Wayne LaPierre is out at the NRA.
For some, that’s cause for celebration and I’m not just talking about anti-gunners. A lot of pro-gun people weren’t thrilled with where the group has been headed for the last little while.
Anti-gunners seem to think that LaPierre’s exit signals the end of something on the pro-gun side of things. It does not.
Nor does it give New York some kind of pass with the shenanigan it tried to play with the NRA and the exercise of free speech.
Each year at the U.S. Supreme Court, an array of marquee cases tends to draw all of the attention. However, there are also sleepers among the pending cases that have significant importance. One such case involves a rare alliance between the American Civil Liberties Union and the National Rifle Association.
NRA v. Vullo deals with the growing effort by government agencies to target the advertisers of conservative and dissenting websites to kill the funding for opposing views. While the case deals with this effort on the state level, it could produce a ruling on indirect efforts by government, including the Biden administration, to censor viewpoints.
In the case before the court, New York’s Department of Financial Services is accused of using increased regulatory scrutiny and possible penalties to coerce financial institutions into ending their support for certain black-listed groups. The NRA documented how former DFS Superintendent Maria Vullo appears to have pressured financial institutions to drop any association with the organization.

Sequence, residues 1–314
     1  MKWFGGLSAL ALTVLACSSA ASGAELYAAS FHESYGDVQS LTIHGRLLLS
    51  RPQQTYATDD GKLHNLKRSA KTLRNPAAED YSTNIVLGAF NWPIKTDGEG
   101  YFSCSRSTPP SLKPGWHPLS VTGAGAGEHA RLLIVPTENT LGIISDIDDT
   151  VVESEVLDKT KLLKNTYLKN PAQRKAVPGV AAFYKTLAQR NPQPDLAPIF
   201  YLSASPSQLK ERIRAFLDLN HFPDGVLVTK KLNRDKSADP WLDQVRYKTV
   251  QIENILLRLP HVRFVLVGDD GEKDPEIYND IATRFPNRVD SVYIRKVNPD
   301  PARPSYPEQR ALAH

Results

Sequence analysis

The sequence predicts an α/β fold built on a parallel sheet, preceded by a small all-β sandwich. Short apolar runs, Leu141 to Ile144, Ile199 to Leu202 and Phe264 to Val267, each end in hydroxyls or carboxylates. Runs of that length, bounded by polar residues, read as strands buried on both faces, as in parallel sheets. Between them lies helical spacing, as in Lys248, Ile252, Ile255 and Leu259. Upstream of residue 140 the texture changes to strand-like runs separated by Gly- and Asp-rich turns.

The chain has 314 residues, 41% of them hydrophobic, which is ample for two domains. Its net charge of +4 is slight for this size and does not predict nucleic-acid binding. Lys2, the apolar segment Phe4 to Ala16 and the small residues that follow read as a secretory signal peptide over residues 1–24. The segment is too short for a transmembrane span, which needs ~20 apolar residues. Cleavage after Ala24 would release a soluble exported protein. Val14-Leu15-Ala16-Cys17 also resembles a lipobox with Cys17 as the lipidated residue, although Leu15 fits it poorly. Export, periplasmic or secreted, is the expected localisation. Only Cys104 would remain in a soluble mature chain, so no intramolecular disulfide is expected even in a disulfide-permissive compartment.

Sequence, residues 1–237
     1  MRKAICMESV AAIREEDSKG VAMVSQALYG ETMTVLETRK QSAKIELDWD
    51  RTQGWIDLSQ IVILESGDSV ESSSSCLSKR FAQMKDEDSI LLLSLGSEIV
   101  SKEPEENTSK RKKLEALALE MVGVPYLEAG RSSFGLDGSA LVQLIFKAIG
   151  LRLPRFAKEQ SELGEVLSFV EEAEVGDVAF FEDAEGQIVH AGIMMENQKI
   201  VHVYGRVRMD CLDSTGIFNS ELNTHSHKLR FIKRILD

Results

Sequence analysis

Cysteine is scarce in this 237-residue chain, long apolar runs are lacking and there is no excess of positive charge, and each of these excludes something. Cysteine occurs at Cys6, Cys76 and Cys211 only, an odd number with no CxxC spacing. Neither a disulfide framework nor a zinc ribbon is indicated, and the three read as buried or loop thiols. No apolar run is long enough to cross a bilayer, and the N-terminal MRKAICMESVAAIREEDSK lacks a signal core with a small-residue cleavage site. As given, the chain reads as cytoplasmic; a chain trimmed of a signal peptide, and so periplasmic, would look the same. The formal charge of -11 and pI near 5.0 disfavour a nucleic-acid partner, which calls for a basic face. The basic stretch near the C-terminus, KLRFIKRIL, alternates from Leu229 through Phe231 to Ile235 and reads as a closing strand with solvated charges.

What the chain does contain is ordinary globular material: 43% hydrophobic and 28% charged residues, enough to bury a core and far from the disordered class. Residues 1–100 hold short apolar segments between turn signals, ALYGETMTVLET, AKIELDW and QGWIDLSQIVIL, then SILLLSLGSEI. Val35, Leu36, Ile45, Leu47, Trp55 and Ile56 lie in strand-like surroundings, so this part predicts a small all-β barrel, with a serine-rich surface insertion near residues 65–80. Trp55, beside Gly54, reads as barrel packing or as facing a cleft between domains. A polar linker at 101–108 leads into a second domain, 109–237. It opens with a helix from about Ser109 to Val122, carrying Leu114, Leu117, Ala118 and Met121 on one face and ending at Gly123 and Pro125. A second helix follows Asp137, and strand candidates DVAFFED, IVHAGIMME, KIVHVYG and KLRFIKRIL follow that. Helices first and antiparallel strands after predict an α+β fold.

Specifically, the NRA contends that Vullo’s office pressured insurance companies not to cover the NRA or risk retaliation from the state. As the ACLU noted in its amicus brief opposing the defendants’ motion to dismiss the case, the NRA might not be able to prove these allegations, but it should be given the opportunity to do so.
Author Jonathan Turley frames this as a free speech issue, and it is. He also correctly points out that this is far from the only example of government action attacking free speech.
But in this case, free speech was necessary but collateral damage. The goal was to undermine the NRA to such a degree that the leading voice for our right to keep and bear arms would be shattered.
Most gun control advocates seem to equate the NRA with the gun rights movement as a whole. I understand why, too. It’s just the largest and loudest group out there.
The reason New York targeted them like this, though, was because of a belief that without the NRA, gun control groups could run rampant through state legislatures and the halls of Congress. They could push through whatever they wanted without any real opposition.
But we’d be fools to think for a moment that this tactic wouldn’t be replicated with other civil liberty groups down the road. Anyone inconvenient to the government can and would find themselves targeted for similar treatment.
Which Turley notes has already happened.
What New York did wasn’t just to assault free speech in an attempt to strip our gun rights away in time. It was an all-out assault on every right anyone holds dear that may be an issue to the powers that be.
My sincere hope is that the Supreme Court handles this like they did with Bruen. This kind of thing should never happen again.